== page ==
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Review: A Time for Mercy by John Grisham

Title: A Time for Mercy

Author: John Grisham

Year Published: 2020

Category: Adult fiction
Pages: 480
Rating: 4 out of 5

Location (my 2021 Google Reading map) USA (MS)

Summary (from Amazon): Clanton, Mississippi. 1990. Jake Brigance finds himself embroiled in a deeply divisive trial when the court appoints him attorney for Drew Gamble, a timid sixteen-year-old boy accused of murdering a local deputy. Many in Clanton want a swift trial and the death penalty, but Brigance digs in and discovers that there is more to the story than meets the eye. Jake’s fierce commitment to saving Drew from the gas chamber puts his career, his financial security, and the safety of his family on the line.
In what may be the most personal and accomplished legal thriller of John Grisham’s storied career, we deepen our acquaintance with the iconic Southern town of Clanton and the vivid cast of characters that so many readers know and cherish. The result is a richly rewarding novel that is both timely and timeless, full of wit, drama, and—most of all—heart.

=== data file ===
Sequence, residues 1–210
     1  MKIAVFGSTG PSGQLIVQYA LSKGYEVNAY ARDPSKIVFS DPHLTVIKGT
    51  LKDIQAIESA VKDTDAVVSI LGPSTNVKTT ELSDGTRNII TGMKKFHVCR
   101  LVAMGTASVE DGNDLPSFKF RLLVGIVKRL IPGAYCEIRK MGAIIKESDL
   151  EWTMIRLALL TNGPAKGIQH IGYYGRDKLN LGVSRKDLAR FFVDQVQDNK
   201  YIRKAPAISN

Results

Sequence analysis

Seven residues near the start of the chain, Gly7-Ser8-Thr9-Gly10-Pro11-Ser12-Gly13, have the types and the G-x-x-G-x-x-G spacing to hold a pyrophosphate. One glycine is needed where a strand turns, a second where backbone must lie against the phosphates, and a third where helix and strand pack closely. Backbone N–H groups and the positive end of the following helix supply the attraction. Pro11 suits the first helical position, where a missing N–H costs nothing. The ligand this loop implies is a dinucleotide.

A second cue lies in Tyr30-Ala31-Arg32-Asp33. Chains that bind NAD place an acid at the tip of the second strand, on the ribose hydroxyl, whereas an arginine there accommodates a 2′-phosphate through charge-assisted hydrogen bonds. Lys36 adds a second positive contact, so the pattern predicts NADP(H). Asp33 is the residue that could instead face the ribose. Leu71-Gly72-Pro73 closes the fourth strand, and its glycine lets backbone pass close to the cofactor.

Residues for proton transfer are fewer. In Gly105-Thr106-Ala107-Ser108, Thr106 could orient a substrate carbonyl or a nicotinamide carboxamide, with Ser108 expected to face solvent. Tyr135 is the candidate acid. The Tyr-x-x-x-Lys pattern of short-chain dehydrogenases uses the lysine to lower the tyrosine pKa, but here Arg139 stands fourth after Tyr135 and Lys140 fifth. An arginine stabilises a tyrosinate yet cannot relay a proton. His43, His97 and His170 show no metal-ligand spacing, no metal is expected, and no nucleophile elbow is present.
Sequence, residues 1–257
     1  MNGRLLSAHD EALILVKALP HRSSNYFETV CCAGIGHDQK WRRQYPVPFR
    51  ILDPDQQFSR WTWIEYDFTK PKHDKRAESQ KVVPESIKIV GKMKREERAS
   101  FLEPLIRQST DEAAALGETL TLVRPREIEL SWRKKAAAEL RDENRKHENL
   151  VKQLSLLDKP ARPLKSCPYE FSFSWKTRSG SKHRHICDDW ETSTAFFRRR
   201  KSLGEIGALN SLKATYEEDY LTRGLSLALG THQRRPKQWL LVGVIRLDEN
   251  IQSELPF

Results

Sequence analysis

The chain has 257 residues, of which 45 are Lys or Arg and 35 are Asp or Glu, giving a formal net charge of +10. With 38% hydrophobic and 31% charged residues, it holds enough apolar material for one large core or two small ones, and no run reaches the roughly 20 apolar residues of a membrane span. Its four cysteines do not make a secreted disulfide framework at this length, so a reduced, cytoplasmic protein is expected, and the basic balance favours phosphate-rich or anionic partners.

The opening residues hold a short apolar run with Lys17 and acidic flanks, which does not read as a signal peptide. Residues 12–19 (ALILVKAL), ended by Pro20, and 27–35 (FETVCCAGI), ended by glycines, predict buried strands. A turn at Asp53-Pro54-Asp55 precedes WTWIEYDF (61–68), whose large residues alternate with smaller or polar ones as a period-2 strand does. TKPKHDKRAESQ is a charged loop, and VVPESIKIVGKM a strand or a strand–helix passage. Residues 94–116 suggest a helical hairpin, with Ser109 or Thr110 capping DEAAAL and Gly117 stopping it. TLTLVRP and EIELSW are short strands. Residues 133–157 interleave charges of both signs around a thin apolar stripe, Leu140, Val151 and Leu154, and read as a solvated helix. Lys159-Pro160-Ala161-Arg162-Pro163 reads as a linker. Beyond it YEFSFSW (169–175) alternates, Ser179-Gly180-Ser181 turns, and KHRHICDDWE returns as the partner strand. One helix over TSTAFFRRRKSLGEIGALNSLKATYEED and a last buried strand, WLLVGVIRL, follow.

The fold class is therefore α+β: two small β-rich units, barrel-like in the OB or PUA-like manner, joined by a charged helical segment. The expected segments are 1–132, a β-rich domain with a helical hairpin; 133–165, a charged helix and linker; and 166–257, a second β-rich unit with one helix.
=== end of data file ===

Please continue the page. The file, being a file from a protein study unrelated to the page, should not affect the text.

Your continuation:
There is a time to kill and a time for justice. Now comes A Time for Mercy.

Review:  Another book over 400 pages, I love summer! And it's a John Grisham, so I know exactly what I am getting into; I am pulled in from page one. It's not great literature, but Grisham novels are comfort reads for me.

Small town Mississippi is depicted so well by Grisham, he has set many of his books in this fictional town with these same characters over the past 40 years so he and his readers know them well. It is easy to immediately sympathize with Drew and his family as he tumbles into an unexpected adult world of lawyers and jail time. 

There are a number of social issues that appear in this novel, which gives it an extra interest beyond just a story. Through the course of the trial (and a parallel trail on a totally not related issue) we read about corporate liability and power, small town courts, rape, abortion, domestic abuse, the role of the church in helping and hindering, and more. If you enjoy a good court room drama, you'll enjoy this novel.

Challenges for which this counts:
  • Big Book Summer Challenge: 480 pages 

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